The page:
AQA GCSE Physics

Revision Notes

4.3.3 Medical Uses of Radiation

Medical Uses of Radiation

Medical Tracers

  • A tracer is a radioactive isotope that can be used to track the movement of substances, like blood, around the body
  • Gamma emitters are usually used for this purpose
    • Gamma rays are highly penetrating and so will be able to pass through the body and be detected outside the body
  • This allows an internal image of the body to be created

Iodine-131 is an example of a radioactive tracer

  • Since gamma rays are less ionising than some other forms of radiation, the harm caused to the patient is also minimised
  • As well as choosing a gamma emitter:
    • The amount of isotope used is kept to a minimum to reduce people’s exposure to radiation
    • Isotopes are chosen that have short half-lives of around a few hours: Long enough to carry out the procedure, but not so long that they cause long term harm

Radiotherapy

  • Radiotherapy is the name given to the treatment of cancer using radiation
  • Although radiation can cause cancer, it is also highly effective at treating it
  • Radiation can kill living cells
    • Some cells, such as bacteria and cancer cells, are more susceptible to radiation than others
  • During external radiotherapy, beams of gamma rays are directed at the cancerous tumour
    • Surrounding healthy tissue tends to be shielded to avoid causing any damage

Radiation Therapy 1, downloadable AS & A Level Physics revision notes

During radiotherapy, the beams are moved around to minimise harm to healthy tissue whilst still being aimed at the tumour

  • During internal radiotherapy, small pellets of radioactive materials can also be inserted into a tumour exposing it directly to radiation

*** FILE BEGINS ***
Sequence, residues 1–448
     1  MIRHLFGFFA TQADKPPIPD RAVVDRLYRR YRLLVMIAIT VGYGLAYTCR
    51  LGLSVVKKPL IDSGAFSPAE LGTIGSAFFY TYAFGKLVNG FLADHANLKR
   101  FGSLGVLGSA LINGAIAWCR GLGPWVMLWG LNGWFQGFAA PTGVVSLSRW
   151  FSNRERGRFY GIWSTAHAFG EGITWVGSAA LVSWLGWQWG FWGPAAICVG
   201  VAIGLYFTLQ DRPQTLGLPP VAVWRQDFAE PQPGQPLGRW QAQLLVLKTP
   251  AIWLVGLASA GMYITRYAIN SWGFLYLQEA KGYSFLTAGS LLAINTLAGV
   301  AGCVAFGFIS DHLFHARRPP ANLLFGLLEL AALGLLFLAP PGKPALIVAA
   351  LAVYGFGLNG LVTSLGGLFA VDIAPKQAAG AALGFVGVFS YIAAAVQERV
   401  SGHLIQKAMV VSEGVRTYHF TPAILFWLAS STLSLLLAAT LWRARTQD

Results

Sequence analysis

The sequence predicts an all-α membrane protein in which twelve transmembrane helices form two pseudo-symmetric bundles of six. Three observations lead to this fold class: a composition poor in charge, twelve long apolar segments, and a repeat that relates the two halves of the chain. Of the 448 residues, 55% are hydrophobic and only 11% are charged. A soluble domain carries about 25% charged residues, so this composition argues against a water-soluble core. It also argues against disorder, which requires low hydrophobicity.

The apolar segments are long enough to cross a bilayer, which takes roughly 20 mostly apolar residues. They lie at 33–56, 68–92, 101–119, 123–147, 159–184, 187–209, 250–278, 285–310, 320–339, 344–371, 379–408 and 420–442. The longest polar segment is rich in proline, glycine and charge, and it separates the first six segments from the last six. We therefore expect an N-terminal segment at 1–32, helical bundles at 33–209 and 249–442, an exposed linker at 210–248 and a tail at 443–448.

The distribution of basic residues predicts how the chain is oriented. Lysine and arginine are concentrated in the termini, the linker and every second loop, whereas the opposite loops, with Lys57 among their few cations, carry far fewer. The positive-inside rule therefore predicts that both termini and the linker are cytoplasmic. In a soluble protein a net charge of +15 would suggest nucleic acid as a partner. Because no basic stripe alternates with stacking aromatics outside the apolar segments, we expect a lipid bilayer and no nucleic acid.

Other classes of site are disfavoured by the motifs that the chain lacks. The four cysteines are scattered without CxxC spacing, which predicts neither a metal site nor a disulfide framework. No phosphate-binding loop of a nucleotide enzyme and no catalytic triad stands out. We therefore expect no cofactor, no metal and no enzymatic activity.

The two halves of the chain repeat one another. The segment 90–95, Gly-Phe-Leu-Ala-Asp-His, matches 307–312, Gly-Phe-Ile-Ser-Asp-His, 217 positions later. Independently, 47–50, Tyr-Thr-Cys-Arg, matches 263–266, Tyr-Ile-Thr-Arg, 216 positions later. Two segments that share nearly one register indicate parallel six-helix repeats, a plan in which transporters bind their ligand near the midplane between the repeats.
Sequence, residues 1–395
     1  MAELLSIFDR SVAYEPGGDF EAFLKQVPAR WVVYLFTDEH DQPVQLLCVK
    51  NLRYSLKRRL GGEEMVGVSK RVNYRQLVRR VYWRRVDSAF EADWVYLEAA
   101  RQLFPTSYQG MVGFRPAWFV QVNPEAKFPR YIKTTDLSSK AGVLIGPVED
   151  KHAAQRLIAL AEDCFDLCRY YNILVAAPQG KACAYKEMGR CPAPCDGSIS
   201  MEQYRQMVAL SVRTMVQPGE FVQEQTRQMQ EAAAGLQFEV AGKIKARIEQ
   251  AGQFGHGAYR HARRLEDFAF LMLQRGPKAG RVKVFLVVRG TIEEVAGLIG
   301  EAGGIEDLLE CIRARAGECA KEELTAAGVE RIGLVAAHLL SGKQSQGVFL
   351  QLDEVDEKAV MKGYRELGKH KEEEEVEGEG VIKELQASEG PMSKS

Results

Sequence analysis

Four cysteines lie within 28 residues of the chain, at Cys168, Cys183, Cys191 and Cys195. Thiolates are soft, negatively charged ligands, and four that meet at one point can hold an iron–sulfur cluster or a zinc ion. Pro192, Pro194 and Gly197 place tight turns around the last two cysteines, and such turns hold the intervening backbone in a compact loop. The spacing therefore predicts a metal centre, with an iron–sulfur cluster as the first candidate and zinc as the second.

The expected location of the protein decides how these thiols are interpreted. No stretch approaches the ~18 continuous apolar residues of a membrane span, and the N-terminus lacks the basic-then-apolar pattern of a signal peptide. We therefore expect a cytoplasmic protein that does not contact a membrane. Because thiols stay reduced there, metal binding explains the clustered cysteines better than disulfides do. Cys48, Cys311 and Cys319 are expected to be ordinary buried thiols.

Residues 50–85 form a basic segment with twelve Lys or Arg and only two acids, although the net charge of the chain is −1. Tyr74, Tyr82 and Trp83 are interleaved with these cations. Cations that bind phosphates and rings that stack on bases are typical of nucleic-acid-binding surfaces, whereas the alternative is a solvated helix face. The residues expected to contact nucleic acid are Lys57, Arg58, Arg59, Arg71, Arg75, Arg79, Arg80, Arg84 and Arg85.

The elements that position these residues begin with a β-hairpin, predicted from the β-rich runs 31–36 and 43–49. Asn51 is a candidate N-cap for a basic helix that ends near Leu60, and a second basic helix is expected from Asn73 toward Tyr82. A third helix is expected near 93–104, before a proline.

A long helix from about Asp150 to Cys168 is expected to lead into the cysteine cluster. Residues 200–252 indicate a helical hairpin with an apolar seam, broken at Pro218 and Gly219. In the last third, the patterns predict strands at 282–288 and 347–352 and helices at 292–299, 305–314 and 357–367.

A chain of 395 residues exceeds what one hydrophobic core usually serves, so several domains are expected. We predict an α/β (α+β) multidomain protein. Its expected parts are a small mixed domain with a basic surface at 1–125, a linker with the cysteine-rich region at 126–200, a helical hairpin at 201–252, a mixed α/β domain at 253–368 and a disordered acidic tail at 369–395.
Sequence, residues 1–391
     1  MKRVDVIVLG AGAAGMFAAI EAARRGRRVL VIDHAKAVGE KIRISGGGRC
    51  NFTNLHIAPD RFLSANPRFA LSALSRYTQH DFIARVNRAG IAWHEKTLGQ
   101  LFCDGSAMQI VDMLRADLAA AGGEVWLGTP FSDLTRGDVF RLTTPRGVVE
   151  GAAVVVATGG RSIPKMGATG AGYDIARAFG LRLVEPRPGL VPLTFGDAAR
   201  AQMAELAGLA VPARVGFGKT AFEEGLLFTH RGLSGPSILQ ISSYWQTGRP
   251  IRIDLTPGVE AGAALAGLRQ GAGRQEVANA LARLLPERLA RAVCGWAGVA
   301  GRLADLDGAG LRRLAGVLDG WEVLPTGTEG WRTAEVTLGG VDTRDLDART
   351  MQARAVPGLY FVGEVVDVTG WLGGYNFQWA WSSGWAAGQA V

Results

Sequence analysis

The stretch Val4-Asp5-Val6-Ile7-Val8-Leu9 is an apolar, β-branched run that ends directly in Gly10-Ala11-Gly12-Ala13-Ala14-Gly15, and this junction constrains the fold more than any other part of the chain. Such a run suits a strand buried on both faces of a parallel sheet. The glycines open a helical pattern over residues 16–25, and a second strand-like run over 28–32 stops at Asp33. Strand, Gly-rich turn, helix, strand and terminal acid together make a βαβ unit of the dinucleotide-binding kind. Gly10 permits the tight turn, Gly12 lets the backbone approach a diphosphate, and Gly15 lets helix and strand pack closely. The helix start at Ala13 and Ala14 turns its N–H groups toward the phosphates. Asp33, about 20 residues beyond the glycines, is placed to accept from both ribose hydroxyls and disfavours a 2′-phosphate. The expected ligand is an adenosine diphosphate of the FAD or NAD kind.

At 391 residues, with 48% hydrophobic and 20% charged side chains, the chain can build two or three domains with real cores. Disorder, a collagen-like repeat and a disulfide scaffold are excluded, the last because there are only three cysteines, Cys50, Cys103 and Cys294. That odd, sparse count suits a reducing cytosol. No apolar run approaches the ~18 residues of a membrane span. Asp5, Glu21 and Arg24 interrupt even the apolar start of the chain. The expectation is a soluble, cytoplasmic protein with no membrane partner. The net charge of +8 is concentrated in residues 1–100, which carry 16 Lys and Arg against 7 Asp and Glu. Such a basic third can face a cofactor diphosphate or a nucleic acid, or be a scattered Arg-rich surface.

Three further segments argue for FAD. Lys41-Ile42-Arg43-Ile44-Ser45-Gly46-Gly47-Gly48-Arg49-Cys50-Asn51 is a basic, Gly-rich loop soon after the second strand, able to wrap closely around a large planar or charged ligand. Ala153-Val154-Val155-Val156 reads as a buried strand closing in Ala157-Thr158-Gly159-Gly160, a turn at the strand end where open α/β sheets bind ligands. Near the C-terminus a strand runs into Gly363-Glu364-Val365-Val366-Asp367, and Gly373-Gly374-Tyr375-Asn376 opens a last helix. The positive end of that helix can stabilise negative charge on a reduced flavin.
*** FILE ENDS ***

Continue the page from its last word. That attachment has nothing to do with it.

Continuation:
Sterilising Medical Equipment

  • Gamma radiation is widely used to sterilise medical equipment
  • Gamma is most suited to this because:
    • It is the most penetrating out of all the types of radiation
    • It is penetrating enough to irradiate all sides of the instruments
    • Instruments can be sterilised without removing the packaging

Worked Example

A new medical tracer is required for investigating the absorption of a particular substance found in blood around the body.

Tracer examples, downloadable IGCSE & GCSE Physics revision notes

Which of the different isotopes in the table would be most suitable?

ANSWER:  C

    • A suitable medical tracer must:
      • Be able to penetrate out of the body
      • Have a long enough half-life to move around the body before it decays away
      • Have a short enough half-life that it won’t remain in the body at dangerous levels for too long
    • The answer is not A because alpha radiation cannot penetrate out of the body
    • The answer is not B because the half-life is too short
    • The answer is not D because the half-life is too long

Risks of Nuclear Radiation

  • The use of radiation in medicine carries risk
  • Radiation can:
    • Kill or damage living cells
    • Cause cancer
    • Cause mutations
  • As a result, its use needs to be kept to a minimum
  • However, the benefits of using radiation in medicine can out way the potential risks
    • The risks posed by the radiation are smaller than the risks associated with leaving the condition untreated
  • For example, if a person has a cancerous tumour that is likely to kill them, then it is less of a risk to use radiotherapy than to leave the tumour

Exam Tip

You may be given data and asked to evaluate the risk of nuclear radiation in a particular example. Remember to compare the potential dangers with the benefits.

Author: Katie

Katie has always been passionate about the sciences, and completed a degree in Astrophysics at Sheffield University. She decided that she wanted to inspire other young people, so moved to Bristol to complete a PGCE in Secondary Science. She particularly loves creating fun and absorbing materials to help students achieve their exam potential.
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